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China, Ecuador free trade pact picks up steam

By SERGIO HELD and GERMAN SANCHEZ in Bogota | China Daily Global | Updated: 2023-12-13 09:50
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Automated cranes deliver containers at Qinzhou Port in Qinzhou, South China's Guangxi Zhuang autonomous region, in February. [Photo/Xinhua]

Agreement set to lift business potential and strengthen relations, experts say

Momentum is picking up toward a free trade agreement between Ecuador and China that could ramp up trade and strengthen the relationship between the South American nation and its Asian partner.

This momentum was exemplified by Expo China 2023 held at the end of November in Quito, Ecuador's capital, and Guayaquil, its financial center.

Ecuador's leaders are eager to move forward with the agreement, which promises to boost bilateral trade. There are high expectations that an FTA could help swell Ecuador's exports to China by 30 percent within the first three years, about $2 billion above current levels.

"We hope, once the free trade agreement comes into force, to be able to have an increase of 60 percent in the first year in terms of imports and obviously to have a better exchange in terms of Ecuadorian exports," Maria Lissette Alban, executive director at the Ecuadorian-Chinese Chamber of Commerce, or CCECH, told China Daily.

Highlighting the importance of the FTA for the government, Ecuador's Congress created a commission, in charge of regulating the agreement and pointing to a willingness to open the country up.

The commission aims to depoliticize the trade agreement and hasten its adoption in the National Assembly. The deal has already cleared Constitutional Court review and the deadline for ratification is June 2024.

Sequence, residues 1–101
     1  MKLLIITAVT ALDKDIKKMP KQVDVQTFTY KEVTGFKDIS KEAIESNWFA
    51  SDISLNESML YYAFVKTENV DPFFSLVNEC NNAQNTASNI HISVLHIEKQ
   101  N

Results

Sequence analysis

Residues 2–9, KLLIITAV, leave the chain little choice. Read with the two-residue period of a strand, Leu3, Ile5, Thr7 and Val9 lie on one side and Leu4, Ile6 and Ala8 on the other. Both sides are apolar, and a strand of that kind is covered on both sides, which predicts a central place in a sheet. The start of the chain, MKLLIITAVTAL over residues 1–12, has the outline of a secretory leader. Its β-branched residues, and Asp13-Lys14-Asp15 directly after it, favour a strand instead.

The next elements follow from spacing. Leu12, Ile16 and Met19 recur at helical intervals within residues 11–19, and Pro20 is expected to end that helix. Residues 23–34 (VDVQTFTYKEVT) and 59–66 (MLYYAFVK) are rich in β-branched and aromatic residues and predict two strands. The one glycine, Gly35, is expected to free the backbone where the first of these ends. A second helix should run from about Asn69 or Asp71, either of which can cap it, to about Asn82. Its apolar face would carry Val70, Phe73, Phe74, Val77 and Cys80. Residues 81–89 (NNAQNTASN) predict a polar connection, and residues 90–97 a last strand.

"For the current government, this FTA is especially important. It is an FTA for which the ideological or political tendency does not matter. The general public knows that it is a benefit for the interests of the state. We hope that in the coming days, it will be debated in the Assembly and that it will come into force as soon as possible," Andres Zhang, a fruit exporter and board member at the Ecuadorian-Chinese Chamber of Commerce, told China Daily.

Expo China 2023 was a key event even as the push took shape to get the agreement approved. The event created a ready-made forum to highlight the potential of a trade agreement even as it provided a window to the Chinese market and helped promote cross-cultural understanding. About 200 Chinese and Ecuadorian companies took part.

"At this moment, the bilateral trade between China and Ecuador amounts, on both sides, to more than $12 billion, with fairly balanced trade. Based on the experience of the other free trade agreements that China has signed in the region — Chile, Peru, and Costa Rica — we expect growth in the first year of 20 percent in bilateral trade. That is more than $2 billion in commercial exchanges," said Zhang.

The ratification of the trade agreement and the knowledge acquired at the expo translate into enormous potential for economic development, job creation, and cross-cultural interaction between the two countries.

Alban from the CCECH said the entire production will benefit from lower tariffs on Chinese products, which will allow them to upgrade and be more competitive.

China is Ecuador's main non-oil export trade partner, with shrimp, bananas, frozen fish, and cocoa all exported to the Asian giant.

High exports

"For the banana sector, an agreement with China would make us double our exports," said Jose Antonio Hidalgo, the executive director at the Association of Banana Exporters of Ecuador, in a statement.

He said Ecuador exported bananas worth $156.62 million in 2020, a 29 percent decrease compared to 2019. "In addition, we have not been able to grow due to the 10 percent tariff we levied on China."

The cocoa sector is also looking forward to the ratification of the agreement, as China has become one of the most profitable emerging markets for the sector in the past five years.

In addition to large demand, Chinese buyers are willing to pay for premium quality, said Francisco Miranda, president of the National Association of Cocoa Exporters of Ecuador.

"A trade agreement with China could be of great importance and benefit to our industry because it would help streamline and economize the route of our cocoa to the eastern country," he added.

According to data provided by the Ecuadorian-Chinese Chamber of Commerce, Ecuador's exports to China totaled $5.7 billion in 2022 and seemed to be on a growth track in 2023, adding up to $3.1 billion in the first half of the year, up 35 percent from the same period a year earlier.

The writers are freelance journalists for China Daily.

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